Panic selling returns on China fears

Panic returned to markets in late August as a severe collapse for Chinese stocks led to renewed fears for the health of the global economy. Chinese markets, particularly the domestic A-shares, have enjoyed an extraordinary rise over the past year, but this unravelled over the summer, culminating in the panic selling in late August.

Markets not immune

Dean Tenerelli

No global market was immune to the sell-off, with most suffering the worst trading day since at least 2011 on 24 August. Almost £74bn was wiped off the value of the FTSE 100 Index on ‘Black Monday’, while the S&P 500 and Nasdaq both firmly entered correction territory.

The most recent fears over the crucial Chinese economy followed the country’s August decision to devalue its currency against the strong US dollar. Nordea 1 - Emerging Stars Equity Fund manager Jorry Rask Nøddekær accepts China’s currency devaluation significantly increased risk aversion. However, unlike many market participants, he does not see parallels to 1997’s Asian financial crisis. “We do not believe we are at the forefront of a new financial crisis,” Nøddekær says. “China is in the middle of a long process to open up its economy and reform its financial system. As part of this process, China will need to have a truly exchangeable currency. “On most FX models, China does have an overvalued currency.”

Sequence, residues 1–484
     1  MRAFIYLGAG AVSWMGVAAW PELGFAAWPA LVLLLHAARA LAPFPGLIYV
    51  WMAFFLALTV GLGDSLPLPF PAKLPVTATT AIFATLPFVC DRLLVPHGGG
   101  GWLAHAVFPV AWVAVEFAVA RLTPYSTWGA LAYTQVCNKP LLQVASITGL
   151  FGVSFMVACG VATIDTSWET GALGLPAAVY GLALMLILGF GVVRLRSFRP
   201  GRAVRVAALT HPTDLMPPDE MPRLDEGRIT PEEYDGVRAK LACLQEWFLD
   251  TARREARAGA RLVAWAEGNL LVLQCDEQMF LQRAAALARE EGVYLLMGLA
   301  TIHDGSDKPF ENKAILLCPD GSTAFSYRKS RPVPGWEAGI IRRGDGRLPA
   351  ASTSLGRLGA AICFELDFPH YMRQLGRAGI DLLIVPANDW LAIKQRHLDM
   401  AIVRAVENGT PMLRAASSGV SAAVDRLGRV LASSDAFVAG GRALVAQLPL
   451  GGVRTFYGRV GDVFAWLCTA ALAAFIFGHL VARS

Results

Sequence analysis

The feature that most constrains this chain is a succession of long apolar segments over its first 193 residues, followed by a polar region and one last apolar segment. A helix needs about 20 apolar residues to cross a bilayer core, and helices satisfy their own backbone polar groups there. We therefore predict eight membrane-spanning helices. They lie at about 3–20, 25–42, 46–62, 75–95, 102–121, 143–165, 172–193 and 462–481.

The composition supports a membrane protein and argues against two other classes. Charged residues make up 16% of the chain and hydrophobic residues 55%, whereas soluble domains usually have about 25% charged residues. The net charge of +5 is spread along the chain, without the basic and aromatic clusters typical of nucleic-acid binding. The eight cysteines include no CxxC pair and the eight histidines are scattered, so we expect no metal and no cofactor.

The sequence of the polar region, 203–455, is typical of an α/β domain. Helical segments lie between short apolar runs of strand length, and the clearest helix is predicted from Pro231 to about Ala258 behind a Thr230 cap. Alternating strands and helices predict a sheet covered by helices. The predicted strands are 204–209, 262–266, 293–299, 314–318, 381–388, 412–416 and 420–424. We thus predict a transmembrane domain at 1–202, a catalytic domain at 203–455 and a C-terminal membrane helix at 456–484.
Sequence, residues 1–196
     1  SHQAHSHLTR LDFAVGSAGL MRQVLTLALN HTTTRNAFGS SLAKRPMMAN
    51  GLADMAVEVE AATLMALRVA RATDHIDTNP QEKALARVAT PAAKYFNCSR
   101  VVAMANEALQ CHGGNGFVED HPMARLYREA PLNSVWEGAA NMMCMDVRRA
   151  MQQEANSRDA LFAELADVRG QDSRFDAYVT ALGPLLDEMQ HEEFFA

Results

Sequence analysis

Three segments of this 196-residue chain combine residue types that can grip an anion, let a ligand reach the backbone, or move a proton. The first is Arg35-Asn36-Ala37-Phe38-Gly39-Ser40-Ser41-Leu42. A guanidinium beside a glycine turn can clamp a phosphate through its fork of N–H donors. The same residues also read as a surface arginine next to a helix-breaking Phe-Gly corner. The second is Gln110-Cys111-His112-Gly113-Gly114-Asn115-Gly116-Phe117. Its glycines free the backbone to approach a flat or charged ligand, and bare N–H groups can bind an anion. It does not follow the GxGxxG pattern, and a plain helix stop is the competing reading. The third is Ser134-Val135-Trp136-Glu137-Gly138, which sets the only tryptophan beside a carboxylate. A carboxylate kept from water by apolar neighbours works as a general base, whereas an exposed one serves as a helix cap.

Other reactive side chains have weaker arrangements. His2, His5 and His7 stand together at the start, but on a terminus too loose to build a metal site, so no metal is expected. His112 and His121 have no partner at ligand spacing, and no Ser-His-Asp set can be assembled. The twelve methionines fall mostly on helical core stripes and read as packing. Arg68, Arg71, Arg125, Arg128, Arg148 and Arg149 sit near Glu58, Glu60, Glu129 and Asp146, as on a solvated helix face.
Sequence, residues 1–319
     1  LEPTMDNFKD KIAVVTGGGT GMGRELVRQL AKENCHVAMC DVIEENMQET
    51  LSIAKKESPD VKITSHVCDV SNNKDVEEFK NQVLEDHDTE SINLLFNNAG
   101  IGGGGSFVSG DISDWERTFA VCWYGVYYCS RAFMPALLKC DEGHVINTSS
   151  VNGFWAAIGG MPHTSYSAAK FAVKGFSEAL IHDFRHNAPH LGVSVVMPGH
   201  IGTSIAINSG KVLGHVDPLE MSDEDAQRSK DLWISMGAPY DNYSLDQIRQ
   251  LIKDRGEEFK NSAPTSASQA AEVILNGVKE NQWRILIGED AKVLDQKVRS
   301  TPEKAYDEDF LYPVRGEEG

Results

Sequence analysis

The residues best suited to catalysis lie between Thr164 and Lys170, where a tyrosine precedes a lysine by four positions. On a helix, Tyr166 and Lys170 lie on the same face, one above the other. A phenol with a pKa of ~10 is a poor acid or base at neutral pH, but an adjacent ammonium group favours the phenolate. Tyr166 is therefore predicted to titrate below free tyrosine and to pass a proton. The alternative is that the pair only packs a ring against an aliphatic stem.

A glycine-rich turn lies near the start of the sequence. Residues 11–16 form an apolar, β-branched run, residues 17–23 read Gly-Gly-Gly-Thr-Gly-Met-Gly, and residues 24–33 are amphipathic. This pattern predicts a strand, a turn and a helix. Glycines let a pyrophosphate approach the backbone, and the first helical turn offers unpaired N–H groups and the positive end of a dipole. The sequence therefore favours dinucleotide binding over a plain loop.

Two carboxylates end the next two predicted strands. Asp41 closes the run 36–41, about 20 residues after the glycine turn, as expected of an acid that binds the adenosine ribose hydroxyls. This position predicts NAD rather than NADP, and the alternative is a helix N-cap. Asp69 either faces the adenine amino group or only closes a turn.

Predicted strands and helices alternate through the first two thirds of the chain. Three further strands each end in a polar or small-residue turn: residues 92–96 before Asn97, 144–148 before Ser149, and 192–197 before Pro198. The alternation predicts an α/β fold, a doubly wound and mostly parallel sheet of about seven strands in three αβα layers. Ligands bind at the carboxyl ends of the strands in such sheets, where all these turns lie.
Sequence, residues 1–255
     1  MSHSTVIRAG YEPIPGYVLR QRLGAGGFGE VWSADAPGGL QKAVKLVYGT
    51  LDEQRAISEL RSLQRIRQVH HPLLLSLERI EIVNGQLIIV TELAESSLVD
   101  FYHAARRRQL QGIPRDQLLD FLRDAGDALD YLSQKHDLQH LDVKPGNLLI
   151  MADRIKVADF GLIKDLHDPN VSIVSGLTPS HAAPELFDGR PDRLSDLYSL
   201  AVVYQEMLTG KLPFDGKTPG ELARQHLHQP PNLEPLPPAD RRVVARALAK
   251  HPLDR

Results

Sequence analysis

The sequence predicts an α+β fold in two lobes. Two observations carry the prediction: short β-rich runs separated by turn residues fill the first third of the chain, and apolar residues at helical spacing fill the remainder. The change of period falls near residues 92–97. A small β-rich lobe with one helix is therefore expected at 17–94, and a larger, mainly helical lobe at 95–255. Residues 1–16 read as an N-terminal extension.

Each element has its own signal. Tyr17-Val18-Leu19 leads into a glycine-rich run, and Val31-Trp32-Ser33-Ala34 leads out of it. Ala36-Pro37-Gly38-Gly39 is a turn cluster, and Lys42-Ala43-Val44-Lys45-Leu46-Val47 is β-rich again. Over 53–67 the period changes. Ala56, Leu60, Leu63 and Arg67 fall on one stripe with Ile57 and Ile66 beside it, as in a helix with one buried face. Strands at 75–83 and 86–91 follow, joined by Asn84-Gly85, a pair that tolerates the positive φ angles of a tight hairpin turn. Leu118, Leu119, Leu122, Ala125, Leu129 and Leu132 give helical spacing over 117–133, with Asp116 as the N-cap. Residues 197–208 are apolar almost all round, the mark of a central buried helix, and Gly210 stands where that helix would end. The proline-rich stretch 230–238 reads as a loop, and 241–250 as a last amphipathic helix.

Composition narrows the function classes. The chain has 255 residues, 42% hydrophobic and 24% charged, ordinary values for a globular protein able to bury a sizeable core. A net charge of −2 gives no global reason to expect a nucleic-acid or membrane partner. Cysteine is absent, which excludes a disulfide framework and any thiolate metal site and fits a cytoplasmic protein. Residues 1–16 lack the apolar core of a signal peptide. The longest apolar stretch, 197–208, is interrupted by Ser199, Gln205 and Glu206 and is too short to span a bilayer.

Nøddekær adds: “China is clearly slowing from a growth perspective. As we have been saying for some time, the ‘old style’ China as we knew it is not coming back. This transition from the old economy to a new service and consumer-driven economy is definitely painful for some parts of the old economic engine.” Dean Tenerelli, manager of T. Rowe Price’s European Equity and Continental European Equity funds, says China’s importance to the world should not be underestimated. “China is a big trading partner with Europe, in particular Germany. We have been saying for the past year that our main worry in the world is China,” he explains. “China is clearly decelerating and the economic indicators lately have been uninspiring. Recent policy action, such as the currency depreciation, shows that the Chinese government is also concerned.” However, Tenerelli does expect the China slowdown to spell doom for European equities. “We believe the earnings recovery in Europe is well underpinned. The recent earnings season was the best we have had for five years and the European portion of earnings is highly encouraging,” Tenerelli adds. “Could China derail everything? It could result in a slower recovery, but we still believe Europe is headed in the right direction.” As for Chinese equities, Nøddekær is urging investors not to paint the communist economy’s markets with the same brush. “It is very important to view the mainland A-shares and the Hong Kong-listed H-shares separately,” Nøddekær says. “These markets are quite different in structure, they function differently from a technical perspective, and they are driven by different kinds of investors. “Nonetheless, this does not mean there is no correlation between the two markets from a sentiment perspective. “This is precisely what we have seen lately.”